- Jake’s tone of voice is much different from Ramiro’s. How would you describe his tone? What feelings or emotions does it communicate? (p. 9-10)
- What did Jake learn from his first fight? (p. 11)
- What problematic stereotypes does Jake’s mom reveal when she says “What’s wrong with you? Don’t you know you could wind up in jail? And you don’t even know Spanish” (p. 12)?
- What critique of adults does Jake have? What do you think of his argument? Do you think it’s valid? (p. 13)
- How would you characterize Jake’s principal based on the exchange described on pages 14-16. Use examples from the text to support your answer.
- Jake makes the statement that he “came to school to be taught, not to be managed” (p. 15). In your own experience do you think school is more about managing or teaching? Explain your answer.
- Define the word “irony.” Why do you think this is Jake’s favorite word? (p. 16)
- What is ironic about Jake’s issues with his last name? (p. 16)
- How does Ramiro describe his mother? (p. 18-21)
- How does Ramiro describe his Tía Lisa? (p. 18-22)
- What does Mrs. Herrera think of the students at her school? Have you ever known a teacher like that? How does that sort of an attitude affect students? (p. 22)
- How are Ramiro and his brother Tito alike? How are they different? (p. 23-24)
- What lesson does Ramiro’s mom teach him about loan companies and banks? Do you think this was an important thing to learn? (p. 24-25)
- What does it mean when Jake says “You destroy me”? (p. 28-29)
- How does Jake’s conversation with his father go? How did he feel afterwards? What do you think he was looking for or hoping for when he decided to call his father? (p. 28-31)
- Why does Ramiro keep a journal? (p. 33)
- Share your opinion: Do you think there’s any truth in Tito’s statement: “Most people think you’re wrong ‘cause you’re nothing but a poor Mexican. And if you’re poor, that just means you’re stupid” (p. 35)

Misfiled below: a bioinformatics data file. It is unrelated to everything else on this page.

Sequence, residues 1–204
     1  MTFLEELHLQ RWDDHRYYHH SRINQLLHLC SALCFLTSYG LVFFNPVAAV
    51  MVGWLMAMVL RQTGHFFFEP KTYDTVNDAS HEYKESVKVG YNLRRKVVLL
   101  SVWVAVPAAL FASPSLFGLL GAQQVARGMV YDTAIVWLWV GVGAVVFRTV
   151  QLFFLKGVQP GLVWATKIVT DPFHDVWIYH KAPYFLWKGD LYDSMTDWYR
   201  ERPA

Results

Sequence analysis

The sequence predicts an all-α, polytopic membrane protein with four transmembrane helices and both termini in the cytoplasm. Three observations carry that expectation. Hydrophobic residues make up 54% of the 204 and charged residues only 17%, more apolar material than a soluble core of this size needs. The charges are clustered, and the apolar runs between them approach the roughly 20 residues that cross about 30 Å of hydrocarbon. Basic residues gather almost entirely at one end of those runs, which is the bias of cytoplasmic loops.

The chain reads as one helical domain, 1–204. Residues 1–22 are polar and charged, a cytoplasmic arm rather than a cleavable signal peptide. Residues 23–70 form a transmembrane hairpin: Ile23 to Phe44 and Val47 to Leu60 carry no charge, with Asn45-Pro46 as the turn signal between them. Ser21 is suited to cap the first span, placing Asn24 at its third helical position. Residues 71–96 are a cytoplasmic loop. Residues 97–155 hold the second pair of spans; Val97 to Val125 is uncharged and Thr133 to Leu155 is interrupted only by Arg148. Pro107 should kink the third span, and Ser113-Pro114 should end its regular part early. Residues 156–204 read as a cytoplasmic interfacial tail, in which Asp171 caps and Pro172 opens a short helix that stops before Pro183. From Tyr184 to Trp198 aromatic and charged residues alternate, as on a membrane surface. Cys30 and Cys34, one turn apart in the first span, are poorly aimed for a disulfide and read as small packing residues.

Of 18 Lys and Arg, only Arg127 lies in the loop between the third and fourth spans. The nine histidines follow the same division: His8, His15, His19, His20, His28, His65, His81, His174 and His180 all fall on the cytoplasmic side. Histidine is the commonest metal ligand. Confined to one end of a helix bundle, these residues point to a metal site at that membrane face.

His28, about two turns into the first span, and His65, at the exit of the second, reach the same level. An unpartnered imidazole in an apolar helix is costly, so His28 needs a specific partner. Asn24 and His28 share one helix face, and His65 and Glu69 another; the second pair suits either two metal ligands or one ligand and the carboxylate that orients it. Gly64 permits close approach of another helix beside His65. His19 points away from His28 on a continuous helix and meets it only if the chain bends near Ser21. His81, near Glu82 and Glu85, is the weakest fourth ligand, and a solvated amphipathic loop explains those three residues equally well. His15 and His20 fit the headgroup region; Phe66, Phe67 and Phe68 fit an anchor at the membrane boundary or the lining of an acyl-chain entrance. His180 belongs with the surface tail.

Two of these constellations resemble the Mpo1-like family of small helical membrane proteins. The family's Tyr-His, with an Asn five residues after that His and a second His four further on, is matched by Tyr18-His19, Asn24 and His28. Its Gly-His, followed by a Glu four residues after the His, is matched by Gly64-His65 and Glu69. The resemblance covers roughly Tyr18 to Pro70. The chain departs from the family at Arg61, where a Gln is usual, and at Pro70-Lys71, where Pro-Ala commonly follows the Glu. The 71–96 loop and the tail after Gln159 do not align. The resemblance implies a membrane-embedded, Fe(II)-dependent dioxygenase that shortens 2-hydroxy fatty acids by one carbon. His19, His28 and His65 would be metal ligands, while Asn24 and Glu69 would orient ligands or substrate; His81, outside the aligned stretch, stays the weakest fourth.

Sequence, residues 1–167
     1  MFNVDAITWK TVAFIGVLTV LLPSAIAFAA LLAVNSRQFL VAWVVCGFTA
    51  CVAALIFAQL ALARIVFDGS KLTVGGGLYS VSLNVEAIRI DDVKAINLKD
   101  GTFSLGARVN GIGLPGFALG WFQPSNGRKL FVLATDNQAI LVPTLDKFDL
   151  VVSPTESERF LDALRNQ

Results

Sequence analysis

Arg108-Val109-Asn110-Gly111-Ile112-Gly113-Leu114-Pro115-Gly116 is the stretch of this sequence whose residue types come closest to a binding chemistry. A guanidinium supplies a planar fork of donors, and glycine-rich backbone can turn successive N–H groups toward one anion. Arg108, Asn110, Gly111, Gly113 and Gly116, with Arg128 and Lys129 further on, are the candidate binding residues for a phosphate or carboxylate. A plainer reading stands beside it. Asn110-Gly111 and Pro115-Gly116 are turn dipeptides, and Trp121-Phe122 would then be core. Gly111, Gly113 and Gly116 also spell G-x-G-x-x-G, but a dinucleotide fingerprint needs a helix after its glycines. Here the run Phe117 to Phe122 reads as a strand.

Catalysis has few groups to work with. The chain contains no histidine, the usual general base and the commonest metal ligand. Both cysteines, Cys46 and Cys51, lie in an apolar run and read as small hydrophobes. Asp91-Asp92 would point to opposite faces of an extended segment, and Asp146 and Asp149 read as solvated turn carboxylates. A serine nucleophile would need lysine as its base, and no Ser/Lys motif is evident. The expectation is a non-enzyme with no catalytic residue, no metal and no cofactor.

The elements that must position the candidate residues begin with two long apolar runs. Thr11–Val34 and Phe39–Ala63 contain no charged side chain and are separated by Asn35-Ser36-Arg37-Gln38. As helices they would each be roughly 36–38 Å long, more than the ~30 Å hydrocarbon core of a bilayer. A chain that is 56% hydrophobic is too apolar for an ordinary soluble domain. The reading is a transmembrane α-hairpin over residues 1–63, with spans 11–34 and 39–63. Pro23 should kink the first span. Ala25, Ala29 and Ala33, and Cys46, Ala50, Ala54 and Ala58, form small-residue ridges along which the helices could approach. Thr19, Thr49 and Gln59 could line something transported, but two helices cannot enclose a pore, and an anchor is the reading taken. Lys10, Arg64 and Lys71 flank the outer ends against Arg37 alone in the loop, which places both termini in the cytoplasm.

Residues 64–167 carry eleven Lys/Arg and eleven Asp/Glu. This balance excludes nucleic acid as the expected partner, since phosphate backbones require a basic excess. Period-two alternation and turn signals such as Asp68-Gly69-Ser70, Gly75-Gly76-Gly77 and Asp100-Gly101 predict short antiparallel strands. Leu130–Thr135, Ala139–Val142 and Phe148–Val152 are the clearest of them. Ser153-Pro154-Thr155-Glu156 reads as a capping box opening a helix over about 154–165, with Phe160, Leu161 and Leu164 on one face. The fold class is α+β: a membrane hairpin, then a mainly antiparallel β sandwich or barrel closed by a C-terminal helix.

- Why do you think Tito is “hard as a rock” (p.37)? Do you think he really doesn’t love his mom and Ramiro? (p. 35-37)
- What happens when Jake tries to have a conversation with his mother? (p. 40-42)
- How are Jake’s worldviews different from his Mom’s and David’s? (p. 42)
- Why does Jake bring up religion with his mom? (p. 45)
- Is the magnet school really a part of Jefferson? Why is this? (p. 47)
- Why is Jake so critical of David? (p. 48-49)
- At this point in the book, how would you describe Jake’s relationship with his mother? What do you think is the main source of conflict between them? (p. 1-50)
- Ramiro thinks that Alejandra wants everything. What does Ramiro want? Do you think this is something that’s easy to achieve? Make a prediction: Do you think that Ramiro will get what he wants by the end of the book? (p. 51)
- Describe the kind of teacher Mr. Cardoza is. How do you think this impacts his students? (p. 52)
- How does Ramiro explain the relationship between La Jeff and the pre-med magnet school? What message does this send to the students at each school? (p. 52-53)
- Ramiro says that neither he nor Jake fits in at school. Think about your own school, do you think either of them would fit in? Why or why not? (p. 53)
- What does Monica mean when she says that they’re all anonymous? (p. 55)
- Have you heard people say something like “You’re thinking like a Mexican” or “You’re thinking like a gringa?” What do you think people are insinuating when they say these kinds of things? (p. 57)
- Who is Alejandra? (p. p. 57-59)
- What can we infer about Alejandra from her desire to change her name and move away from the neighborhood? (p. 59-60)
- How would you characterize Ramiro and Alejandra’s relationship from what you’ve read so far? How does Ramiro feel about Alejandra? (p. 57-61)
- Why do you think Tito seems to hate Ramiro so much? (p. 63)
- How would you characterize the two brothers’ relationship? (p. 62-65)
- Think about what Ramiro says to Tito: “It’s a lot of work, to hate your brother” (p. 64). What does he mean by this? Do you think it’s a true statement? Explain.
- Why doesn’t Ramiro think that Alejandra should go out with Steve? Do you think that’s a good criterion to judge a person by? Explain. (p. 67-68)
- What advice is Ramiro’s mom trying to give him when she tells him about her high school experience? (p. 69)
- Make a prediction: What do you think has happened to Tito? (p. 71-73)
- Do you agree with Ramiro? Do you think there are a lot of sad houses? (p. 72-73)
- Have you ever felt like Ramiro, that you don’t have anything in common with anyone? How did or do you deal with that feeling? (p. 73)
- What simile does Jake’s teacher make about Jake’s brain? Do you this was a compliment or an insult? Explain. (p. 74)
- Do you agree with Jake that no one understands each other? Explain. (p. 74)
- Why is Rosie so upset? How does Jake attempt to help? (p. 75-76)